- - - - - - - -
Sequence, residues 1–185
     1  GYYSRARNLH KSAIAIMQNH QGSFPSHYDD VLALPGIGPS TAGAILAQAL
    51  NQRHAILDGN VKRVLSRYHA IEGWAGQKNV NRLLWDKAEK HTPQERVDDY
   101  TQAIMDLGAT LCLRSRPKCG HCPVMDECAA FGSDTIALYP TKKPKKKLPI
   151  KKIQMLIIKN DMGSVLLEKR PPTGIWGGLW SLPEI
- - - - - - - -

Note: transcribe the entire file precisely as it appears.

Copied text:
Sequence, residues 1–185
     1  GYYSRARNLH KSAIAIMQNH QGSFPSHYDD VLALPGIGPS TAGAILAQAL
    51  NQRHAILDGN VKRVLSRYHA IEGWAGQKNV NRLLWDKAEK HTPQERVDDY
   101  TQAIMDLGAT LCLRSRPKCG HCPVMDECAA FGSDTIALYP TKKPKKKLPI
   151  KKIQMLIIKN DMGSVLLEKR PPTGIWGGLW SLPEI